When researching or working with an artwork, conservators are accustomed to finding unusual parts of it that often get overlooked or are invisible to the naked eye. Sometimes, underpaintings are found that alter the meaning or give a bit more history to the canvas. However, when New York-based conservator Emily MacDonald-Korth began working on a painting by Jean-Michel Basquiat called Untitled, she never expected to find a hidden UV painting.
MacDonald-Korth was asked by a client to run relatively routine forensic tests on the Basquiat painting to ensure the work was in fact created in 1981 like the owner believed it to be. While checking for repairs and varnish, MacDonald-Korth brought out her black light to run over the painting as she would with any typical job of the kind. This, though, is when things got interesting. ‘I start looking at this thing and I see these arrows,’ said the conservator according to artnet News. ‘I’ve never seen anything like it. He basically did a totally secret part of this painting.’ What MacDonald-Korth found were arrows, probably drawn with a black-light crayon, mimicking other red and black arrows that make up the composition of the painting that were only visible when using a black light. Shocked at what she found, MacDonald-Korth turned the light on and off again to make sure she wasn’t seeing things. ‘I’ve never seen anything like it. He basically did a totally secret part of this painting,’ she said.
While it is possible that Basquiat used the black-light crayon to guide his painting, MacDonald-Korth believes the artist knew exactly what he was doing and left the UV arrows purposefully for someone to eventually find – or not. This isn’t the first time such drawings have been found in paintings by Basquiat, either. In 2012, Sotheby’s found a UV signature on Basquiat’s Orange Sports Figure (1982) which was painted only months after the painting MacDonald-Korth was working on. Basquiat isn’t known for signing his works in the traditional manner so the discovery was exciting for both reasons. MacDonald-Korth also noted that the artist used erasure during his works as a form of expression and the use of UV drawings play off this technique in an interesting way. So, it seems reasonable that the influential 20th-century neo-expressionist was intentionally exploring the confines of UV drawings. He also tended to work on multiple paintings at once so it’s possible there are more paintings with similar hidden imaged out there.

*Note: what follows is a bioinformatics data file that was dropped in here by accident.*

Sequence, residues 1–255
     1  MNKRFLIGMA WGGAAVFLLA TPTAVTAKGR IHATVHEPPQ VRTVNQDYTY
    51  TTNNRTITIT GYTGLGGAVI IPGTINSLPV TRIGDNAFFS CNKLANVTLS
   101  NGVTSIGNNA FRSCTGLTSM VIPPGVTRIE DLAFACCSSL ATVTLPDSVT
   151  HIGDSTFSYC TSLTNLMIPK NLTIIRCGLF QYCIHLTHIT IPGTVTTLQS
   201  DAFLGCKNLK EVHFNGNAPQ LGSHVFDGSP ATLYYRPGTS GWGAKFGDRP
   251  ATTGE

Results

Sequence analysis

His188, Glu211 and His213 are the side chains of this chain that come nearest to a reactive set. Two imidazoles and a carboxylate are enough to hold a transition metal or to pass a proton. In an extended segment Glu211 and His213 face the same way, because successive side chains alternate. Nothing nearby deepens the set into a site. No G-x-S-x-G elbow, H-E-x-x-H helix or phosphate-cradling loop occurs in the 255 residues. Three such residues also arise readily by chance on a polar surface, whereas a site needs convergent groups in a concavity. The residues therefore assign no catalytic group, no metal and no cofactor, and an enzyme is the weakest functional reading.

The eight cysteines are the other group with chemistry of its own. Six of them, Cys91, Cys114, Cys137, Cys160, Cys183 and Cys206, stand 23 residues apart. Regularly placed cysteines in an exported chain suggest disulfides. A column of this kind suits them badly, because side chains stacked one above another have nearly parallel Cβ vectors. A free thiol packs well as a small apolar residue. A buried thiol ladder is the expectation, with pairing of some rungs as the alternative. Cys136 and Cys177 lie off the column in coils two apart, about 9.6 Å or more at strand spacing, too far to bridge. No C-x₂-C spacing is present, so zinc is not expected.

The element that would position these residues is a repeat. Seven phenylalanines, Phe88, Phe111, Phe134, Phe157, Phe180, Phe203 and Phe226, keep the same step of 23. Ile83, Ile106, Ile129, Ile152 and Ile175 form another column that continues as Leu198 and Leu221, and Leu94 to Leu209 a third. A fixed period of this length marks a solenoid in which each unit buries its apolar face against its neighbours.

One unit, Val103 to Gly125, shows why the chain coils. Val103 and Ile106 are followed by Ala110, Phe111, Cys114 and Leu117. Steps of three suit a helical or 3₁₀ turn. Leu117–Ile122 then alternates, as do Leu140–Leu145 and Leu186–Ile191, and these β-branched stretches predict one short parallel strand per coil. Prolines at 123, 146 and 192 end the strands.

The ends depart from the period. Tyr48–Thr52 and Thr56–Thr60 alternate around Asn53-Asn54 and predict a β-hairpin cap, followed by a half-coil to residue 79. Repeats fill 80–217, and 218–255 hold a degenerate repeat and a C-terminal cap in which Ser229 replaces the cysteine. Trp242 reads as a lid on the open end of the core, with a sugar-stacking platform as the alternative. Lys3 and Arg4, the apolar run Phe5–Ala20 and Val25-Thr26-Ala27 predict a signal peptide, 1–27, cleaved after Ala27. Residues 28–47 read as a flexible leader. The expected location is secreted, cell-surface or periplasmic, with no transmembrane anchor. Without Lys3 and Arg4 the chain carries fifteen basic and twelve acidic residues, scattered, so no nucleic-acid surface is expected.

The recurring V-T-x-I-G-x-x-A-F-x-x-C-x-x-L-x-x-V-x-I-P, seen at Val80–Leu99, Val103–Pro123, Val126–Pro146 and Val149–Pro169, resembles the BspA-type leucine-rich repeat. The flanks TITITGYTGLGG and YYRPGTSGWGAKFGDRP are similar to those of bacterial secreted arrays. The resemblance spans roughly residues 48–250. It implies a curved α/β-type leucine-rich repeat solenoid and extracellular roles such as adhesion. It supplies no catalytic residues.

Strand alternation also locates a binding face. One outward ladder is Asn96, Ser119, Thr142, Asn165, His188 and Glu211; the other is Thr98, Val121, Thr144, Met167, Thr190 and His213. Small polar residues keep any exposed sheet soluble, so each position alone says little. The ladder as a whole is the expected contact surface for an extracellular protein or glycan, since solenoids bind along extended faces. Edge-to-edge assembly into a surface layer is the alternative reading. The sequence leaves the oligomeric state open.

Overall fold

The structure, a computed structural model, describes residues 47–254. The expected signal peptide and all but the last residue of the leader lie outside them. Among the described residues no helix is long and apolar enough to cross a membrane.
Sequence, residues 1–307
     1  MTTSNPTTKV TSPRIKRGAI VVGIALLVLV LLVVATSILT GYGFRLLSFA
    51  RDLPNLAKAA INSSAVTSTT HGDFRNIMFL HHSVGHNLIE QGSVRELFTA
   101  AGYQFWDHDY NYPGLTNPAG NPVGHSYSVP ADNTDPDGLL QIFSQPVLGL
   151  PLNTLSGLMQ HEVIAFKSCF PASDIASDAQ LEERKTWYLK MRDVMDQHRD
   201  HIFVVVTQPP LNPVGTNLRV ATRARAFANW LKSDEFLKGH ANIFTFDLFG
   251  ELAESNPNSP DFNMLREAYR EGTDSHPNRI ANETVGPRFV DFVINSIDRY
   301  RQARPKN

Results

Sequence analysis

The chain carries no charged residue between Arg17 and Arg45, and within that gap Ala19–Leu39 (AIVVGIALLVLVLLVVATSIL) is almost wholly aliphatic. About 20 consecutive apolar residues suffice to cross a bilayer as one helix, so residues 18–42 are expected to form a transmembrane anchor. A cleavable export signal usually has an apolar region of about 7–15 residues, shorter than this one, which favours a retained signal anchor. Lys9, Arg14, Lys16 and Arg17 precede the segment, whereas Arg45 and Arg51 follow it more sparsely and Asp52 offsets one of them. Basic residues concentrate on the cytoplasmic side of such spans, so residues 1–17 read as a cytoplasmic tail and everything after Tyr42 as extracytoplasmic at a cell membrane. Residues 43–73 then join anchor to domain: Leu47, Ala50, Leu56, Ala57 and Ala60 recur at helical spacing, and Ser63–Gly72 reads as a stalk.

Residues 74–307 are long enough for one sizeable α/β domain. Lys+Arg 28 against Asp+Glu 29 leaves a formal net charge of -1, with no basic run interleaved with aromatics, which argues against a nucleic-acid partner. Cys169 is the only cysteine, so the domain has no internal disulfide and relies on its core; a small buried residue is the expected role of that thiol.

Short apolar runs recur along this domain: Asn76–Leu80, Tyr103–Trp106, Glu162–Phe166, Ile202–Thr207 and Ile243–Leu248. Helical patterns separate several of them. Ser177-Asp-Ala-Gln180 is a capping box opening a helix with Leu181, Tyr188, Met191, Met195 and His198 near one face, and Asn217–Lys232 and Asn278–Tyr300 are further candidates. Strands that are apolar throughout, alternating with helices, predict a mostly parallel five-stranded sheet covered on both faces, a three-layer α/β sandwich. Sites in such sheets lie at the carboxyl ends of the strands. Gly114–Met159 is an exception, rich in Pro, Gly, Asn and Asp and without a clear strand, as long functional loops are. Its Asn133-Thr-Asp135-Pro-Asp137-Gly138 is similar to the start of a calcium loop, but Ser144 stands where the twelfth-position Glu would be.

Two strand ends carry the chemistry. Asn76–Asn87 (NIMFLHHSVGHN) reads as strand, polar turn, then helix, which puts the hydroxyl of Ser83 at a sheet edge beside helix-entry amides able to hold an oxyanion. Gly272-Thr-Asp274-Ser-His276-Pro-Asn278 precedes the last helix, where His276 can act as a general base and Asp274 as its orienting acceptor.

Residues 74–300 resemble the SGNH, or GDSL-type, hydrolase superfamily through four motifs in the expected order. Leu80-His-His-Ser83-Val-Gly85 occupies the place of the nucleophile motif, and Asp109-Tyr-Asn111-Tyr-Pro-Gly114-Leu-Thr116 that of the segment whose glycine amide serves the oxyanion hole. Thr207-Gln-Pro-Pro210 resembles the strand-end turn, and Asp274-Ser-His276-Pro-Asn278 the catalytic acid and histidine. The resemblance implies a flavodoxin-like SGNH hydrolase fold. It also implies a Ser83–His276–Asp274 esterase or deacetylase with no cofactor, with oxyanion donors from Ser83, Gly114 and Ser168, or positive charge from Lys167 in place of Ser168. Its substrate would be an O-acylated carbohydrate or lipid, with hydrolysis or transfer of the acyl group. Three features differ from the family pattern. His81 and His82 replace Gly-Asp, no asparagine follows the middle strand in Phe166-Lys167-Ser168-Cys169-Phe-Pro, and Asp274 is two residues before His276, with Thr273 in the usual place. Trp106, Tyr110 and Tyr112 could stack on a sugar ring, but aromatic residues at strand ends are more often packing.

MacDonald-Korth seems to think so, at least. While working on Untitled, the conservator noticed similarities in arrow placement in it and another 1981 painting of Basquiat’s: Poison Oasis. She inferred that there might be a matching UV arrow on that painting if a black like was run over the painting. In fact, MacDonald-Korth encouraged owners of works by Basquiat to find a black light and see if any hidden images show up on their artworks.